The first generation of smartwatch apps, such as those found on various Android smartwatches, are mainly about notifications. Actionable activities on the smartwatches themselves are usually limited to Web searches, rejecting calls, and getting driving directions.
The Apple Watch promises more interaction possibilities. However, the small screen of any smartwatch makes interaction difficult -- there's precious little room for menus and buttons, especially if they're large enough to be tapped.
FIS has been exploring a couple approaches to smartwatch apps, both the traditional glance-style app that shows very basic info and the more smartphonelike app that provides more information and even actions as you navigate within the app.
My belief is that people first need to get comfortable with using smartwatches at a basic level before they'll make the leap to more complex interactions. But I believe it will happen in the not-too-far-off future, so you should be prepared to think through the connection from first-stage glance apps to more functional second-wave apps for smartwatches.
3. Reconsider the QR code
I was struck by how much the mobile lab team at FIS relied on QR codes in its proof-of-concept apps. Except for the use in onscreen boarding passes, I thought the QR code era was over, a fad that was all about trying to get people to open marketing and sales pages via their smartphones' cameras, rather than typing in URLs placed on ads.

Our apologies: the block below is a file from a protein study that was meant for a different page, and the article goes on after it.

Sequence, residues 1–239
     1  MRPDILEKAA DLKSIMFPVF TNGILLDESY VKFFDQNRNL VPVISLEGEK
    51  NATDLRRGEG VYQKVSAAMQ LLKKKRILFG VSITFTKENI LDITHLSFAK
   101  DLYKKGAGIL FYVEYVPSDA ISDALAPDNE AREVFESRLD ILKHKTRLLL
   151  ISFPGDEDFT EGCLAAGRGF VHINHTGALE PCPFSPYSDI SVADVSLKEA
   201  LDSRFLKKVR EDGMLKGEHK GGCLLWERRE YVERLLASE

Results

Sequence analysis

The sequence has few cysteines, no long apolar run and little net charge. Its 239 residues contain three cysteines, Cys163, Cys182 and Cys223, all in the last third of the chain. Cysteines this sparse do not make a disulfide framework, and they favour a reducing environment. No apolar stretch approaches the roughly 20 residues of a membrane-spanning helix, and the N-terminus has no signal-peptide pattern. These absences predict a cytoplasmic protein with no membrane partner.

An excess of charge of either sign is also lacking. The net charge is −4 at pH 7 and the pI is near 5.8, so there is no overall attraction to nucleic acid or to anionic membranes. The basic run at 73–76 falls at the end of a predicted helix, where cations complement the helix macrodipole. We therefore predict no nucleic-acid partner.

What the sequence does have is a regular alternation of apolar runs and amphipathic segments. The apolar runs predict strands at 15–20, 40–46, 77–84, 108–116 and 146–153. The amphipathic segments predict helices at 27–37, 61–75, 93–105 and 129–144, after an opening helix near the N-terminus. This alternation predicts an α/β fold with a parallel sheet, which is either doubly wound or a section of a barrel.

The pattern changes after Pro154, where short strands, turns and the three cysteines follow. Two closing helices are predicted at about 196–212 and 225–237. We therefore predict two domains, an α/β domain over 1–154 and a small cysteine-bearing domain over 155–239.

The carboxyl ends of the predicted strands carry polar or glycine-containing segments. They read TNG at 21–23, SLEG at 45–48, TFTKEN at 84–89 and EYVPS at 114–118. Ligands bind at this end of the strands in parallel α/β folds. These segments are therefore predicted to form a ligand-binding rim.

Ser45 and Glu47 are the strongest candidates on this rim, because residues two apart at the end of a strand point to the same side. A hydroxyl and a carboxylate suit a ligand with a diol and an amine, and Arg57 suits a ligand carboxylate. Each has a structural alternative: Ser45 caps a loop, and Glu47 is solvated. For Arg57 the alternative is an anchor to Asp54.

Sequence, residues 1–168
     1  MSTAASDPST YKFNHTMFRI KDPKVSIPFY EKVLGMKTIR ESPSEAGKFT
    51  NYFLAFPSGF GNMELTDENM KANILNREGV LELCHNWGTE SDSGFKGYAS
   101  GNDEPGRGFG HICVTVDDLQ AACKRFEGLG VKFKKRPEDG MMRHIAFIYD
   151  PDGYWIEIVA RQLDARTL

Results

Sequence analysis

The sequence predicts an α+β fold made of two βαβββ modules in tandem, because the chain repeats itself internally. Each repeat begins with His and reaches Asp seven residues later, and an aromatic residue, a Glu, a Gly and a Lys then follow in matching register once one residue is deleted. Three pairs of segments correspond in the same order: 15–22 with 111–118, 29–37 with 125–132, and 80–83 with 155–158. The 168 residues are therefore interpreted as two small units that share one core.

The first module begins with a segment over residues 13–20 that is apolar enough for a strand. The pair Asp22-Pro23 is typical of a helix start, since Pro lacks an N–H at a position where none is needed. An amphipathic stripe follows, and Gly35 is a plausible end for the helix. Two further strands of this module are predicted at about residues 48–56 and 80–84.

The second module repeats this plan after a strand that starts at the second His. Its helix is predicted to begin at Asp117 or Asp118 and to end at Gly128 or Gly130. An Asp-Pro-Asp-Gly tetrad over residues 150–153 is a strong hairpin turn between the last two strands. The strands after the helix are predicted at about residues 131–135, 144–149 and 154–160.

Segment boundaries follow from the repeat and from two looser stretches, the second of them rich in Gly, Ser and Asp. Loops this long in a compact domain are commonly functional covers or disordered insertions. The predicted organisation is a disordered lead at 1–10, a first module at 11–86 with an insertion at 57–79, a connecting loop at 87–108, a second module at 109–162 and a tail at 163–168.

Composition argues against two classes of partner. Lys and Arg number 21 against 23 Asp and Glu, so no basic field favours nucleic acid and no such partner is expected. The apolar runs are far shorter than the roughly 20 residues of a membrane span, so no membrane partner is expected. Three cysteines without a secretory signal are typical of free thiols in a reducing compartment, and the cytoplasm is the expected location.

But the QR code -- especially when created on demand for one-time tokenized use -- has several advantages in the financial and retail space, the biggest one of which is near-ubiquity. Practically any restaurant's bill printer can print a QR code, so why not use that for a banking or restaurant app to get the bill details and even set up the payment for it? (That was one app that FIS showed me.)
Likewise, why not use a QR code on an ATM or a retailer's payment terminal screen to use as a one-time code for an smartphone app to sign into the ATM? That opens up smartphone access to the hundreds of millions of devices that don't have NFC chips, and it's much cheaper to deploy than retrofitting all those terminals with NFC or Bluetooth.
When combined with Apple's Touch ID or Samsung's new equivalent in the Galaxy S6, banks would gain greater authorization certainty and users would have fewer PIN codes to remember and one less reason to carry bank cards around.
Retailers have a less-virtuous reason to encourage folks to use apps rather than physical cards: They can collect much more data about their customers to then mine and resell. The Apple Pay system disallows such tracking, which is why few retailers have embraced it with open arms -- and why they are pushing the QR-based MCX CurrentC system instead. They're hoping to get people to use that before new financial security regulations help the more-secure Apple Pay purchases -- now limited to people with the current iPhone models -- take off.
Still, the ease of deploying one-time QR codes and the near-universal compatibility they offer is worth considering as at least a baseline way to authorize transactions and other interactions for a wide user base.